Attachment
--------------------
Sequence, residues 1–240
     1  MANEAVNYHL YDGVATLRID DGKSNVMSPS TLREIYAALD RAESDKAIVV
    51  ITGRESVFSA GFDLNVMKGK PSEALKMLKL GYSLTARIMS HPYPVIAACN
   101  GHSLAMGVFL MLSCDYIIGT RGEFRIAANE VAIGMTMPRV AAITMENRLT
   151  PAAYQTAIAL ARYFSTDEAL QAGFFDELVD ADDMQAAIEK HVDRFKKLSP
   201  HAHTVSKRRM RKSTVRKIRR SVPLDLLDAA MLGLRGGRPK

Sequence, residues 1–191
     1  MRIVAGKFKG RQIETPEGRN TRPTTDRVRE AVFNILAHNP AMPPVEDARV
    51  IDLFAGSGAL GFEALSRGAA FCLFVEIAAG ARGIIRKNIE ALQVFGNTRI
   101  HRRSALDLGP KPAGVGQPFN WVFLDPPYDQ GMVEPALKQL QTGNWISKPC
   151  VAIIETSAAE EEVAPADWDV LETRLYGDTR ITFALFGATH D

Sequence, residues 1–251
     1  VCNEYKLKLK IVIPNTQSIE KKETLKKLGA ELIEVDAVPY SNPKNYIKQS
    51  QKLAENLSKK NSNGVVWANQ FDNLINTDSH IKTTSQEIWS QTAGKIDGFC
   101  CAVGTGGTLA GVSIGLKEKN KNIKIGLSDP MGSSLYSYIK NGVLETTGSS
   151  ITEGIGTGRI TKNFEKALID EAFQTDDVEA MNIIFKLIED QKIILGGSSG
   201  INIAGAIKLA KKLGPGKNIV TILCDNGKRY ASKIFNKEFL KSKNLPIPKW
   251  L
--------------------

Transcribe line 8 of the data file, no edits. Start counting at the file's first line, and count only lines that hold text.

     1  MRIVAGKFKG RQIETPEGRN TRPTTDRVRE AVFNILAHNP AMPPVEDARV